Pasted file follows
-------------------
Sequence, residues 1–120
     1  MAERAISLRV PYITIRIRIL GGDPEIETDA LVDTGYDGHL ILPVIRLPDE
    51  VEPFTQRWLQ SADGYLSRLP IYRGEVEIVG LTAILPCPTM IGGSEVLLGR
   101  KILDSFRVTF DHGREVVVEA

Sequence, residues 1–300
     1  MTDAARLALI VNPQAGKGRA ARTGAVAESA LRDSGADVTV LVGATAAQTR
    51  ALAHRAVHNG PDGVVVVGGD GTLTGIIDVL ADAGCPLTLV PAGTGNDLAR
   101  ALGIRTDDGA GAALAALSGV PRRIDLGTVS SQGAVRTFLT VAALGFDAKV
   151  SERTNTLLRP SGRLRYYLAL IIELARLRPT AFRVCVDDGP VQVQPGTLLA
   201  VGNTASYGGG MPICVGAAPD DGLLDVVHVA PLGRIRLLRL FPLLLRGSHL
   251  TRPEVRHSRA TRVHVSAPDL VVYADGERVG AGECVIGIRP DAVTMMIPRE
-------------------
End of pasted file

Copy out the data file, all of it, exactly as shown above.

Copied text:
Sequence, residues 1–120
     1  MAERAISLRV PYITIRIRIL GGDPEIETDA LVDTGYDGHL ILPVIRLPDE
    51  VEPFTQRWLQ SADGYLSRLP IYRGEVEIVG LTAILPCPTM IGGSEVLLGR
   101  KILDSFRVTF DHGREVVVEA

Sequence, residues 1–300
     1  MTDAARLALI VNPQAGKGRA ARTGAVAESA LRDSGADVTV LVGATAAQTR
    51  ALAHRAVHNG PDGVVVVGGD GTLTGIIDVL ADAGCPLTLV PAGTGNDLAR
   101  ALGIRTDDGA GAALAALSGV PRRIDLGTVS SQGAVRTFLT VAALGFDAKV
   151  SERTNTLLRP SGRLRYYLAL IIELARLRPT AFRVCVDDGP VQVQPGTLLA
   201  VGNTASYGGG MPICVGAAPD DGLLDVVHVA PLGRIRLLRL FPLLLRGSHL
   251  TRPEVRHSRA TRVHVSAPDL VVYADGERVG AGECVIGIRP DAVTMMIPRE